CAMBRIDGE — Whenever anyone asks Priscilla Gonsalves whether it is worth it — and they always ask when they learn she is a child protection worker in some of the grittiest communities in the South American nation of Guyana — she begins her reply with: “There is this 14-year-old girl . . . ”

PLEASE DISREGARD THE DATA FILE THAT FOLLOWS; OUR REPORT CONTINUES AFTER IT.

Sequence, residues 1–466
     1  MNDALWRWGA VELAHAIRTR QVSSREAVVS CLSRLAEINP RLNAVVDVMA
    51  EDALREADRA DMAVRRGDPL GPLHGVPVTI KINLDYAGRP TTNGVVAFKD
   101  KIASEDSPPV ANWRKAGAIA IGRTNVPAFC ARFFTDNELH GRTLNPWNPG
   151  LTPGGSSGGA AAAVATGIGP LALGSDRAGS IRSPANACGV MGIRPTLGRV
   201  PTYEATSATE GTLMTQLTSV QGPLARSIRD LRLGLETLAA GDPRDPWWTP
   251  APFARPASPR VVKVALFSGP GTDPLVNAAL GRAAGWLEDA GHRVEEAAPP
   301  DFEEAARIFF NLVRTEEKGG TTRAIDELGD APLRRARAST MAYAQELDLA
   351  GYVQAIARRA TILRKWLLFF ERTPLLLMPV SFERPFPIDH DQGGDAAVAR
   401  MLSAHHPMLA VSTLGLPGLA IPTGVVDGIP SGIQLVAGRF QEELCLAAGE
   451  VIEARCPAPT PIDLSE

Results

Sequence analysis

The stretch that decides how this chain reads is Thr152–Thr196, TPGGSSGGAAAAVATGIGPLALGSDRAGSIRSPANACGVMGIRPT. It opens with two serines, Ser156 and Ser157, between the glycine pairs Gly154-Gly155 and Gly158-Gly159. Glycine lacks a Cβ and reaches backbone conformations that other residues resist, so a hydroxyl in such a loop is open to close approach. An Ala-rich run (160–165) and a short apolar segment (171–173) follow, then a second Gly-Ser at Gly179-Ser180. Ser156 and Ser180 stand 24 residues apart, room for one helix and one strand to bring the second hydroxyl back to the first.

In her job, Gonsalves said, she travels from Georgetown, Guyana’s capital city, by bus and rickety boat to small villages where child abuse is alleged or suspected. Alone, she patrols hundreds of communities whose combined population tops 7,000, farming hamlets that dot the countryside and fishing villages bordering the massive Essequibo River.